Elections, unlike major sporting events, do not have an event owner who owns and distributes broadcasting rights. News agencies, as well as local, regional and international networks will all be competing to provide the best content, making competition stiff for individual broadcasters. In such a scenario, reliability and quality are key to expanding viewership and increasing advertising revenues.
Accessing remote areas
One significant characteristic of news broadcasting is the need to provide live footage from remote areas. Unlike regular breaking news events, where the need arises only at a location of interest, elections require thousands of simultaneous uplink and downlink transmissions across every electoral district.
In countries like India, Indonesia and Australia, many areas remain unconnected via terrestrial networks, making satellites the only effective method of live broadcasting. Even in a highly-mature economy like Australia’s, where 99% of the population owns a mobile phone, only 30% of the land mass is connected . To broadcast in these areas, satellites remain the only viable option even for cable and terrestrial providers, who are now able to take advantage of satellite technologies to complement their existing infrastructure. Cable distributors can receive satellite feeds from cable head-ends, or integrate their networks with SES’s direct-to-home (DTH) services. Likewise, terrestrial TV networks can receive DTH signals using their terrestrial transmitters without any infrastructure expansion .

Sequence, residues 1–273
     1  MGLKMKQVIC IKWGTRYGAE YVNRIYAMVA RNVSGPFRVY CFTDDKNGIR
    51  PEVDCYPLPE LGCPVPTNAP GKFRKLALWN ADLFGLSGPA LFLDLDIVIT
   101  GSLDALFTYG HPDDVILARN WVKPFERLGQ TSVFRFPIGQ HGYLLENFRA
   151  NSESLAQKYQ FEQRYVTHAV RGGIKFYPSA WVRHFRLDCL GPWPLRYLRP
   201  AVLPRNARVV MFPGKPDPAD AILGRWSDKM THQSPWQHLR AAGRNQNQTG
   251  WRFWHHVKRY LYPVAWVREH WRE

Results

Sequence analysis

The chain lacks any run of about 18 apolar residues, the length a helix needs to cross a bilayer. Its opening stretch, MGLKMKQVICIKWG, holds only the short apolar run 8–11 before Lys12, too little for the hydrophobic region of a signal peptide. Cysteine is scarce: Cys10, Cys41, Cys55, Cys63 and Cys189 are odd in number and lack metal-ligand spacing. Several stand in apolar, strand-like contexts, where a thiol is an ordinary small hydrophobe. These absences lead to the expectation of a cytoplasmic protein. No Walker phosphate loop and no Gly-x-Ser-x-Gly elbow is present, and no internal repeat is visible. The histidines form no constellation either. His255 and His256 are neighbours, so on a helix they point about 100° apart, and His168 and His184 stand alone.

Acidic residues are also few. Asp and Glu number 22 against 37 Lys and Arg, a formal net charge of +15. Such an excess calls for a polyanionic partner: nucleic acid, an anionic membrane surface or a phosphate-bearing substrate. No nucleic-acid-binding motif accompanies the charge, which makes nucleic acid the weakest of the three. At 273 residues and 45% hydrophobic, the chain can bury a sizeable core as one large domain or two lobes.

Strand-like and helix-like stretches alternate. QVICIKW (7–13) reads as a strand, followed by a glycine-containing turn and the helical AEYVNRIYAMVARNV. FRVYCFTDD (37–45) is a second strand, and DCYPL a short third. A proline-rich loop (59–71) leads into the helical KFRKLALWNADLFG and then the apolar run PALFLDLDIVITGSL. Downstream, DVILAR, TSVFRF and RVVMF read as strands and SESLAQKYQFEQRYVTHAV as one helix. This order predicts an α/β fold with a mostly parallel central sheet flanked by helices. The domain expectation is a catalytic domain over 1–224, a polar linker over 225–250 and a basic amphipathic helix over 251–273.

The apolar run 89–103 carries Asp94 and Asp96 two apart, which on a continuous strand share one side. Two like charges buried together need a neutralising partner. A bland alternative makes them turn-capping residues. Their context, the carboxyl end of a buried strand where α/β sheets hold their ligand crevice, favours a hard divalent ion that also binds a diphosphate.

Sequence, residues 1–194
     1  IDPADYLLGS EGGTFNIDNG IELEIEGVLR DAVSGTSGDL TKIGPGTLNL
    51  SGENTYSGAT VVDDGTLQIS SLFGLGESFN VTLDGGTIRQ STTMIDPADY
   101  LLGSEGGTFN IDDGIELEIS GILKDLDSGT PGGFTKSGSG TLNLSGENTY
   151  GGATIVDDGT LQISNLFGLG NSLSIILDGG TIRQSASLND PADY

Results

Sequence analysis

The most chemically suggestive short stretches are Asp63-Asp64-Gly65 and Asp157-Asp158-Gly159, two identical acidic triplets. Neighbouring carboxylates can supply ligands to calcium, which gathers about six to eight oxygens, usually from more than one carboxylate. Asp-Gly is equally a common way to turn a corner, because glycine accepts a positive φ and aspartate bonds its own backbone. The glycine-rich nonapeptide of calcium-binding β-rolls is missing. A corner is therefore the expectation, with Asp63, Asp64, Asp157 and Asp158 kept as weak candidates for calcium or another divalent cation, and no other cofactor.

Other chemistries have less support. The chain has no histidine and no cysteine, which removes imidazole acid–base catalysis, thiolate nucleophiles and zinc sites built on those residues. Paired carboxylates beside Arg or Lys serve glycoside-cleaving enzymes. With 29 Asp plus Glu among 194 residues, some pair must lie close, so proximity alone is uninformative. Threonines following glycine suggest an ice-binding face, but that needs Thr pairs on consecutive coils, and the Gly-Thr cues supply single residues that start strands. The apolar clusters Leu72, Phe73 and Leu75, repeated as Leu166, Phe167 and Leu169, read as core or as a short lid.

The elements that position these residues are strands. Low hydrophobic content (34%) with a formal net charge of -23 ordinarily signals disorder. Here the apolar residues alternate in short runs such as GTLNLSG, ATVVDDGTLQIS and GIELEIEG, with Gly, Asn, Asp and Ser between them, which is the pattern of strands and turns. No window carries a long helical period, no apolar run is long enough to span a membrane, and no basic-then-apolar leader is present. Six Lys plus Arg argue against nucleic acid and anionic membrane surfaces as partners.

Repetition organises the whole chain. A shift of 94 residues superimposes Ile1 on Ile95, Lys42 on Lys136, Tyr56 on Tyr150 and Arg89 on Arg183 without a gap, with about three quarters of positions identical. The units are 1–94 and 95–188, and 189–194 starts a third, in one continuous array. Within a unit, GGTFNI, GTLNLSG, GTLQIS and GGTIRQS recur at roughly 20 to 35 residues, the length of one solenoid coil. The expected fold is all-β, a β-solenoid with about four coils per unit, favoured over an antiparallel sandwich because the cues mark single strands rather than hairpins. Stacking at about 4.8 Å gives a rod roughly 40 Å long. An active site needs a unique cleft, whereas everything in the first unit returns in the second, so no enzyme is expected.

A partnership with a reliable satellite operator can ensure continuous, seamless broadcasting across all networks. For example, SES-9, a satellite with 81 Ku-band transponders, covers Indonesia with a high-powered dedicated beam. Meanwhile, the successful launch of SES-12 “would help support India's growing DTH TV market, as more and more consumers in rural India embrace the medium,” according to Deepak Mathur, Executive Vice President of Global Sales at SES Video. Together with SES-8, it is expected to reach 18 million homes .
The unpredictability of elections